There Are Always Savings Opportunities

It’s been a while since I’ve gotten a raise at work.  Quite a long while, actually.  While that in itself is less than optimal (read: it sucks), it gets even worse when you consider that things have gotten more expensive across the board.  Just a few examples:

  • Gas prices have gone up quite a bit
  • Food prices have gone up a lot (or they shrink the packages, which means you have to buy more, so the end result is you pay more)
  • Health insurance premiums have skyrocketed
  • Our mortgage was re-financed.  Even though we are putting over $500 more in principle away each month for a modest $150 increase in the payment, it’s still a cash flow issue.

As a result, we’ve tightened in many areas.  Just a few areas we’ve reduced expenses over the past few years or tried to offset in some way:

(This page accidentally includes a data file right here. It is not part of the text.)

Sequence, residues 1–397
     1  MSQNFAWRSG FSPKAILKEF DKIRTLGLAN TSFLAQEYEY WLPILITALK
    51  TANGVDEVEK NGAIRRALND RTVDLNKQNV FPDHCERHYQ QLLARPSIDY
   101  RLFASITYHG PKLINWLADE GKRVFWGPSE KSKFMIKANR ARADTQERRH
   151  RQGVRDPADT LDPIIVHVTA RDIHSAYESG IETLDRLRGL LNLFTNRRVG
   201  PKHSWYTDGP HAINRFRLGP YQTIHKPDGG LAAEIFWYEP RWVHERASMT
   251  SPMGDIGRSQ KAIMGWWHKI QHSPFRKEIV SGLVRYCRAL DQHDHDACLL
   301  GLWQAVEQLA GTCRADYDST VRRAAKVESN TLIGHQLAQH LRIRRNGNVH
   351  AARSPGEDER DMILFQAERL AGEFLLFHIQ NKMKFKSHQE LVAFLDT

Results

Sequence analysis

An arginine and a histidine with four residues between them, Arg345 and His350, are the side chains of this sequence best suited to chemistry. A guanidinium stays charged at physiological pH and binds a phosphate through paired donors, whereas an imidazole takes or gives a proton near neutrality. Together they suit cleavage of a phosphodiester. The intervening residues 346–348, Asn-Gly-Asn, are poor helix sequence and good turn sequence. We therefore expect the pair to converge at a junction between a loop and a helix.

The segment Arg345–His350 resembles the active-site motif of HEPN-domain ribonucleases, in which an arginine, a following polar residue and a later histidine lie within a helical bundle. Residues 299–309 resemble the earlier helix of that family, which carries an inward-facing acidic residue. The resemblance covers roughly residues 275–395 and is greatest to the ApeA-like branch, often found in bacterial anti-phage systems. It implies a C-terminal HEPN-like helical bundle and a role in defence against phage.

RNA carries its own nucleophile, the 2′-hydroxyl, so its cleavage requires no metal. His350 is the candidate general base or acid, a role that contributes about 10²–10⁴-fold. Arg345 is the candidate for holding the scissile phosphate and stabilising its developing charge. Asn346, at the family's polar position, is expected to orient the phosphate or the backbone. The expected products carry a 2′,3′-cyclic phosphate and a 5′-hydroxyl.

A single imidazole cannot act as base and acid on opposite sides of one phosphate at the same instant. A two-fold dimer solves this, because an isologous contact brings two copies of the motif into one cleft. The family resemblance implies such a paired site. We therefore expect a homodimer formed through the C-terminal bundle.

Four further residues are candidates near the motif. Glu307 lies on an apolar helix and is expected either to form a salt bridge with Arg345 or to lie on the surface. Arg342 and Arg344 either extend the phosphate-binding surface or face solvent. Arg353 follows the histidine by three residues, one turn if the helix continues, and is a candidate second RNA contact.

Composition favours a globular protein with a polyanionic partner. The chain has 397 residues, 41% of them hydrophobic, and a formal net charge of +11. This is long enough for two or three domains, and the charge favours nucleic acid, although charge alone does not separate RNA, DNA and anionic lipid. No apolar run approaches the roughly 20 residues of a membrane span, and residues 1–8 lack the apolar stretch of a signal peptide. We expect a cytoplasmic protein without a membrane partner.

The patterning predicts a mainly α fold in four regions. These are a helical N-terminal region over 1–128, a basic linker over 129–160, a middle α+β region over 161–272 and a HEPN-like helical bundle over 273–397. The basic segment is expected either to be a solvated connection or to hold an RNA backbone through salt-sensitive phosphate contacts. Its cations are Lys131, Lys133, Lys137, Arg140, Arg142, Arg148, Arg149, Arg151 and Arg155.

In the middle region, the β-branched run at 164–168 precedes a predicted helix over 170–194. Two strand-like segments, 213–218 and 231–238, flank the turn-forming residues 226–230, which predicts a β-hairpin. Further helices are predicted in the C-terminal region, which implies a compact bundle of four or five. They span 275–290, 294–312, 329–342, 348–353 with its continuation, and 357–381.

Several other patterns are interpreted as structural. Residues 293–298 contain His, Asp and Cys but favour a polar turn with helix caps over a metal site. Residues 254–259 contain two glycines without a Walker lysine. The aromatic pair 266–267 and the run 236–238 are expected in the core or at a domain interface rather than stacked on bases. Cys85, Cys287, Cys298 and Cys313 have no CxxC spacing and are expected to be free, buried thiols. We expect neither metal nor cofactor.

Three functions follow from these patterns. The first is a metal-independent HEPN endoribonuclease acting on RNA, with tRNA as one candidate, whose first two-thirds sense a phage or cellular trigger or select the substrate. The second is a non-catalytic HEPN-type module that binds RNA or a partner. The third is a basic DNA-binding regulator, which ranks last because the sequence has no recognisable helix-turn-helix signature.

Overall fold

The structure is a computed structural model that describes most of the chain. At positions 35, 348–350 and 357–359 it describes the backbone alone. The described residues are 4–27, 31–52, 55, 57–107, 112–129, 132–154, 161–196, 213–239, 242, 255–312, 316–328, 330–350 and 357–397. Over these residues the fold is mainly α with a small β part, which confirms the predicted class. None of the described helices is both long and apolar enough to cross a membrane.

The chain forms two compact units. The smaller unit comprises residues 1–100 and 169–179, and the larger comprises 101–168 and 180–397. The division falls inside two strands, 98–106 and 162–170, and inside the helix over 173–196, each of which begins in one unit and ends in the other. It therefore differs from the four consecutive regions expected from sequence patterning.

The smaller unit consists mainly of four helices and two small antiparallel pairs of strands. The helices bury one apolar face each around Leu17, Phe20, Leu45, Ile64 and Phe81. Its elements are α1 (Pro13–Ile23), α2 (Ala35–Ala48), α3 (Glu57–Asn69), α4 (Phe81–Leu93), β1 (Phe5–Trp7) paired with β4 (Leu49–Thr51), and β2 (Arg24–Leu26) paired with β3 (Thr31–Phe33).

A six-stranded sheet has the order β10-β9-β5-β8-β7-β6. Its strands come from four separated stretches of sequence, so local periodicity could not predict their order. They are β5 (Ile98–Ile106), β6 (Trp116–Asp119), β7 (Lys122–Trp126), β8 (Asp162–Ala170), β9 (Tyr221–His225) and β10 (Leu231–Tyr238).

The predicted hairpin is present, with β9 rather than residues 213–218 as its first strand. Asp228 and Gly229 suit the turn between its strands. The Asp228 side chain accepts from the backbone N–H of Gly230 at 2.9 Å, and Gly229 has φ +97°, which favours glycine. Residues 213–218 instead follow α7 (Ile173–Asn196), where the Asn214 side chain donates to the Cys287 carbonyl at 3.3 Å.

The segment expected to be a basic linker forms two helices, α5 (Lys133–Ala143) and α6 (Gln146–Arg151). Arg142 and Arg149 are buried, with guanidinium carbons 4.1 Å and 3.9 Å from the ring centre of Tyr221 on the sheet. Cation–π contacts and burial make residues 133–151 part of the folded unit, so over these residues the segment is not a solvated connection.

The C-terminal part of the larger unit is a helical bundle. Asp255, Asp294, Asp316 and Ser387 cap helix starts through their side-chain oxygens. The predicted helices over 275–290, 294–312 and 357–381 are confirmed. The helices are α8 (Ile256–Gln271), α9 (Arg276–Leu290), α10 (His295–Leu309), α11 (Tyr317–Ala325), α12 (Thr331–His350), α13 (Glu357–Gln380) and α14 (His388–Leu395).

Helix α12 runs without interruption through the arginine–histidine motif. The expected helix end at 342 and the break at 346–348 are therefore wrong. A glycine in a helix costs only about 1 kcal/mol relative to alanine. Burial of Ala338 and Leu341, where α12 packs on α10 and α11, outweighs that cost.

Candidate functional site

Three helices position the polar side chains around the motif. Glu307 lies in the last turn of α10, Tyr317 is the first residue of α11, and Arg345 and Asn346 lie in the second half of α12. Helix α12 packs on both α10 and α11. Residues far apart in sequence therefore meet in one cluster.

• We’ve updated our insurance plan to include an umbrella policy, which actually increased our total coverage while reducing our costs about 15%.  We also increased our deductible amounts for both home and auto.
  • We combined cell phone plans with my in-laws for a family plan, cutting costs for both households.  Later, I dropped off the plan altogether when my work offered to provide a phone.
  • We’ve called every year to get our cable company to continue to give us a discounted rate.
  • We use a Costco American Express credit card for all gas purchases.  This gives us 3% cash back for gasoline purchases.  Considering that price hikes of 5% in a single day are all too common these days, this extra couple of percent barely makes a dent, but every little bit helps.

Every time there is an opportunity to save some money, it seems that it’s further and further since the last opportunity, and that it usually yields less savings.  In all likelihood this likely means that we’ve done a pretty good job at identifying potential cost savings.  You’re usually going to get the greater returns up front as you hit the ‘low hanging fruit’.